Scottish wave power company Mocean Energy and energy storage developer EC-OG, with Chrysaor, Modus, OGTC and Baker Hughes have invested £1.6 million in a programme to develop a wave power and energy storage system for subsea projects. The aim of the programme is to build a demo wave-powered renewable energy system for subsea equipment.
The programme’s aim is to demonstrate how wave power coupled with underwater energy storage can be used to cost-effectively lower the carbon footprint of providing power to subsea oil and gas production equipment and autonomous underwater vehicles.
Grant funding provided by OGTC has been matched by financial and in-kind contributions from the project partners. The demonstrator will be tested onshore at EC-OG’s facility in Aberdeen in July and August 2021, with ambitions to test the system at sea later in the year.
The programme follows on from an earlier study in 2020, part funded by OGTC, undertaken by the partners. The study established the environmental benefits of the design concept that will be used for the upcoming demonstration programme.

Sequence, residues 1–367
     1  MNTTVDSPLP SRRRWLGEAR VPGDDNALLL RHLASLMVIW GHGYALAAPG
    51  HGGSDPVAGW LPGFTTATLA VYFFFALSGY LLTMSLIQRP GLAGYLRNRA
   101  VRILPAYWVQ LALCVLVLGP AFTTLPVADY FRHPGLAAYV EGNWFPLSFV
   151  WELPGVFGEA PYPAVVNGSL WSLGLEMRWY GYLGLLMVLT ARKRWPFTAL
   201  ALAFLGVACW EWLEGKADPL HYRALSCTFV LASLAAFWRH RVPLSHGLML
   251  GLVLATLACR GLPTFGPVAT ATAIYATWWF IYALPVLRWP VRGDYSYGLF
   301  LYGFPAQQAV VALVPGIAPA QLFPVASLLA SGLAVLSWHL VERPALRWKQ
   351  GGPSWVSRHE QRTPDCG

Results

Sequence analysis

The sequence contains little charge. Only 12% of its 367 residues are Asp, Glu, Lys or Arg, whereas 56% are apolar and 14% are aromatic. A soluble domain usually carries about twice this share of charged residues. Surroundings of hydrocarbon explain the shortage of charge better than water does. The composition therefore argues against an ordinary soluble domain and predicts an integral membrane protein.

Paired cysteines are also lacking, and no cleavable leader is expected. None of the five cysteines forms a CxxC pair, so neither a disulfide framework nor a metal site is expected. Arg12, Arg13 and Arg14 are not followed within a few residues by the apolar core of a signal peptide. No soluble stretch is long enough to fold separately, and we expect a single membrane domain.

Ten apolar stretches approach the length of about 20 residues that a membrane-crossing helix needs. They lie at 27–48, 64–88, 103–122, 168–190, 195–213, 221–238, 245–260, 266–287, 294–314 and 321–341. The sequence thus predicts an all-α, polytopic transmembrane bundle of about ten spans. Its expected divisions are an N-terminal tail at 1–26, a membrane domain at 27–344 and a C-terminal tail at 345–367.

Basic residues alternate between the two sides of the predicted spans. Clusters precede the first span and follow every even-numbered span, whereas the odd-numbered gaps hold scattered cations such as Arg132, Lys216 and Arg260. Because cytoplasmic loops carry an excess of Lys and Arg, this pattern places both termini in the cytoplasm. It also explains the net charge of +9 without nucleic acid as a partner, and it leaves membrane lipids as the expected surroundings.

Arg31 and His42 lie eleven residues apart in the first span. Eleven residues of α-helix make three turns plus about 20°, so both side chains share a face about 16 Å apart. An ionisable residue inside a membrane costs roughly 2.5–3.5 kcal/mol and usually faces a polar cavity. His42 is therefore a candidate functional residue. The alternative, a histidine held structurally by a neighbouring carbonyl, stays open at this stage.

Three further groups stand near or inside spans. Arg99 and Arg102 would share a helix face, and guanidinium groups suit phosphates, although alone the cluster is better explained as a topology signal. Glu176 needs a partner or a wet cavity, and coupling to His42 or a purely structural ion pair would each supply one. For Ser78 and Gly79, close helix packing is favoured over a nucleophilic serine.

Describing the project, Cameron McNatt, Mocean Energy’s managing director commented: “Our technology uses renewable energy from waves to deliver low carbon power for subsea equipment, including tiebacks and future fleets of autonomous underwater vehicles. In this programme, we will demonstrate – in onshore conditions – how our wave device will deliver power and communication to subsea equipment.”
Nigel Ward, managing director at Modus said: “This project will demonstrate the capability to provide temporary or semi-permanent modular series residency for hybrid autonomous underwater vehicles, recharged subsea and controlled from shore using ‘over-the-horizon’ technology. This innovative and flexible approach to survey and inspection will reduce the numbers of personnel required offshore, providing significant benefits and cost savings, without compromising quality.”
There is potential to use such systems in a number of subsea applications, including remediation of faulty umbilical cables in existing developments, as fast track solutions for single well tiebacks and as an enabler for ultra-long step out distances – greater than 200km – where local renewable power generation could make these developments more environmentally and economically viable.